SpaceX Dragon Capsule Returns To Earth With Ocean Splashdown, 5,400 Pounds of Cargo

By  //  March 20, 2017

SpaceX reported splashdown at about 10:48 a.m.

ABOVE VIDEO: The U.S. commercial SpaceX Dragon cargo craft was released from the International Space Station’s Canadarm2 robotic arm in the early hours of March 19, after spending more than three weeks at the orbital outpost.

BREVARD COUNTY • CAPE CANAVERAL, FLORIDA (NASA) – SpaceX’s Dragon cargo spacecraft splashed down in the Pacific Ocean with more than 5,400 pounds of NASA cargo, and science and technology demonstration samples from the International Space Station.

Everything from stem cells that could help us understand how human cancers start and spread after being exposed to near zero-gravity, to equipment that is paving the way toward servicing and refueling satellites while they’re in orbit will be on board.

The Dragon capsule was recovered off the west coast of Baja California where some of the cargo will be removed and returned to NASA immediately while Dragon itself is prepared for a return trip to SpaceX’s test facility in McGregor, Texas.

There, the processing and further unloading of scientific samples and returning station hardware will continue.

SpaceX representatives reported a good splashdown of Dragon at  at about 10:48 a.m. EDT (1448 GMT) in a Twitter post.

A variety of technological and biological studies are returning in Dragon. The Microgravity Expanded Stem Cells investigation had crew members observe cell growth and other characteristics in microgravity.

This information will provide insight into how human cancers start and spread, which aids in the development of prevention and treatment plans.

Results from this investigation could lead to the treatment of disease and injury in space, as well as provide a way to improve stem cell production for human therapy on Earth.

ABOVE VIDEO: The first raw video from the recovery boat, as Dragon splashes down in the Pacific, 12:22PM PT October 28, 2012.

Samples from the Tissue Regeneration-Bone Defect study, a U.S. National Laboratory investigation sponsored by the Center for the Advancement of Science in Space (CASIS) and the U.S. Army Medical Research and Materiel Command, studied what prevents vertebrates such as rodents and humans from re-growing lost bone and tissue, and how microgravity conditions impact the process.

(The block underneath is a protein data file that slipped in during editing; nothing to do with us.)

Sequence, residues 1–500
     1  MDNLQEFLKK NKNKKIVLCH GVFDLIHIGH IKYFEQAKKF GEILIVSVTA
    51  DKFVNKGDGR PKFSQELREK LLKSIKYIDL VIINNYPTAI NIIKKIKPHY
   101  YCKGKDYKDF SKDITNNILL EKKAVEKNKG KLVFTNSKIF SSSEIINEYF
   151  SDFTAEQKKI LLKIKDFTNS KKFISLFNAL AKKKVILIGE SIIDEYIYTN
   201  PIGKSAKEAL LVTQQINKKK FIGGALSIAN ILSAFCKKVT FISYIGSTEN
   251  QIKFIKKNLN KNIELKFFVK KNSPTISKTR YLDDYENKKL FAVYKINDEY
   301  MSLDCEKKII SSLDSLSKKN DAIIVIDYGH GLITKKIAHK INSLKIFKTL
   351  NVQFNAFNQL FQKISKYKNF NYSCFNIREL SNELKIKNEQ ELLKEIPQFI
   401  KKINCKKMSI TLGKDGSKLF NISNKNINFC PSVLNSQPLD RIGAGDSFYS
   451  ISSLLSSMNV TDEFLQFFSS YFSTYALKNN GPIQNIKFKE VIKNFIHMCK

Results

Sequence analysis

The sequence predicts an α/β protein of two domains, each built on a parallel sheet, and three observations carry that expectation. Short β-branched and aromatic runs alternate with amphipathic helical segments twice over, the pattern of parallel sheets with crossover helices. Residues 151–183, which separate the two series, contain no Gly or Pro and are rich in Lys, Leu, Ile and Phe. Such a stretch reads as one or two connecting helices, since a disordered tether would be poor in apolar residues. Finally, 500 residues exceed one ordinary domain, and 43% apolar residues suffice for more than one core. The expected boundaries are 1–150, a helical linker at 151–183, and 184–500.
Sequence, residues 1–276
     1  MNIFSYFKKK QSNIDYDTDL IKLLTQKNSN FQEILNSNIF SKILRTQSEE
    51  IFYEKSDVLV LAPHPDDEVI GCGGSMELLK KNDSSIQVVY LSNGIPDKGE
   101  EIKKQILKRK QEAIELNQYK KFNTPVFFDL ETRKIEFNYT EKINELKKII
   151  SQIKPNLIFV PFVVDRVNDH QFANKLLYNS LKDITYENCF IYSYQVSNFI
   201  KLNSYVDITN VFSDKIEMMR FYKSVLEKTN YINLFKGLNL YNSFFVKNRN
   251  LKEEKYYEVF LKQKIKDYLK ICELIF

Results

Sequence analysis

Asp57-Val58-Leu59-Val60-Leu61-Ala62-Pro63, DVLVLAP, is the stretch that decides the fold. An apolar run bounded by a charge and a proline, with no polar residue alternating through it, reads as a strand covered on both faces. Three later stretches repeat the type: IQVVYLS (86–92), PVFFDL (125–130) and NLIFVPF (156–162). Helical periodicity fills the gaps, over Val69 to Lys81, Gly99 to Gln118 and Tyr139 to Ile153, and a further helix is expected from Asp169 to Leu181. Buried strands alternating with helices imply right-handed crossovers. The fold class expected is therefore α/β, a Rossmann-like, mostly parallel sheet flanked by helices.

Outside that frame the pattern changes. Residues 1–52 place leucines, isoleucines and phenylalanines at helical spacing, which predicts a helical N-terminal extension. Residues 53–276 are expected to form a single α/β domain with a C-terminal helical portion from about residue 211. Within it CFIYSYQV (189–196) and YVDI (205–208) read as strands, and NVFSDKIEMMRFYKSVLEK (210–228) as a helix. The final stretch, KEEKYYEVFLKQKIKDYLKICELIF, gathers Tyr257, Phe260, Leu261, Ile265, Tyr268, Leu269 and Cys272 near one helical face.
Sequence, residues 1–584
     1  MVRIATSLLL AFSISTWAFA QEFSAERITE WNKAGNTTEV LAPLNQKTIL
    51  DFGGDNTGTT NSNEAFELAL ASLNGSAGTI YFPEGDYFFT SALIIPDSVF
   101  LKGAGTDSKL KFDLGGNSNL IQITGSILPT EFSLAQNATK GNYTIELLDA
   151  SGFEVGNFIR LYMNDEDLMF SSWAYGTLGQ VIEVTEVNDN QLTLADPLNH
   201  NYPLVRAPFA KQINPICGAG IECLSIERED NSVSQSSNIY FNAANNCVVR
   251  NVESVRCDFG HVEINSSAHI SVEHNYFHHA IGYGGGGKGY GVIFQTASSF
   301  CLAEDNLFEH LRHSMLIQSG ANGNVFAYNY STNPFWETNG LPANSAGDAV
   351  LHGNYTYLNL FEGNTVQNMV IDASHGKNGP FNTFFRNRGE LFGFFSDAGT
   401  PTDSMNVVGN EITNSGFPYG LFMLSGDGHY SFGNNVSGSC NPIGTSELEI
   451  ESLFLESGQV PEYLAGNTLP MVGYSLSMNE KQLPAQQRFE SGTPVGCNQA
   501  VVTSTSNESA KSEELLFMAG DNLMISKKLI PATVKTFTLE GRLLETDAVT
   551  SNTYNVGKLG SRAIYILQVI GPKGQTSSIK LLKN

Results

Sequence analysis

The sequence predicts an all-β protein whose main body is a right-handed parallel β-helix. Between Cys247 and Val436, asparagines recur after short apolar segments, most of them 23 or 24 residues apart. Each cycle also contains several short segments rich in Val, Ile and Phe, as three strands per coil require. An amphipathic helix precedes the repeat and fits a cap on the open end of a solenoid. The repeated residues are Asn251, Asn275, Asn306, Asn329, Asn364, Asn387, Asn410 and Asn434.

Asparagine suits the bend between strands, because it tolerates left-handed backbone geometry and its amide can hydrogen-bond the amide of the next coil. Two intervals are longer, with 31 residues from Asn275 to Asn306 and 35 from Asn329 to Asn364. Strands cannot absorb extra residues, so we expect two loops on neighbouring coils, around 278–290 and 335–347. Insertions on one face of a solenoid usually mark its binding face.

Results will provide a new understanding of the biological reasons behind a human’s inability to grow a lost limb at the wound site, and could lead to new treatment options for the more than 30 percent of the patient population who do not respond to current options for chronic non-healing wounds.

Several external payloads were removed from the space station and placed in the Dragon’s trunk for disposal.

SpaceX representatives reported a good splashdown of Dragon at at about 10:48 a.m. EDT (1448 GMT) in a Twitter post. (Space X )

The Optical PAyload for Lasercomm Science (OPALS) device tested the potential for using a laser to transmit data to Earth from space, indicating that high speed space to ground optical communications are possible from a fast moving spacecraft.

The Materials on International Space Station Experiment tested the radiation tolerance of a computer built from radiation-tolerant material to simulate work for a future long-term space mission.

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The Robotic Refueling Mission Phase 2 tested new technologies, tools and techniques that could eventually give satellite owners resources to diagnose problems on orbit, repair failures, and keep certain spacecraft instruments performing longer in space.

The Dragon spacecraft lifted off from Launch Complex 39A at NASA’s Kennedy Space Center in Florida on Feb. 19, carrying about 5,500 pounds of supplies and scientific cargo on the company’s tenth commercial resupply mission to the station.

For more than 16 years, humans have lived and worked continuously aboard the International Space Station, advancing scientific knowledge and demonstrating new technologies, making research breakthroughs not possible on Earth that will enable long-duration human and robotic exploration into deep space.

A global endeavor, more than 200 people from 18 countries have visited the unique microgravity laboratory that has hosted more than 1,900 research investigations from researchers in more than 95 countries.

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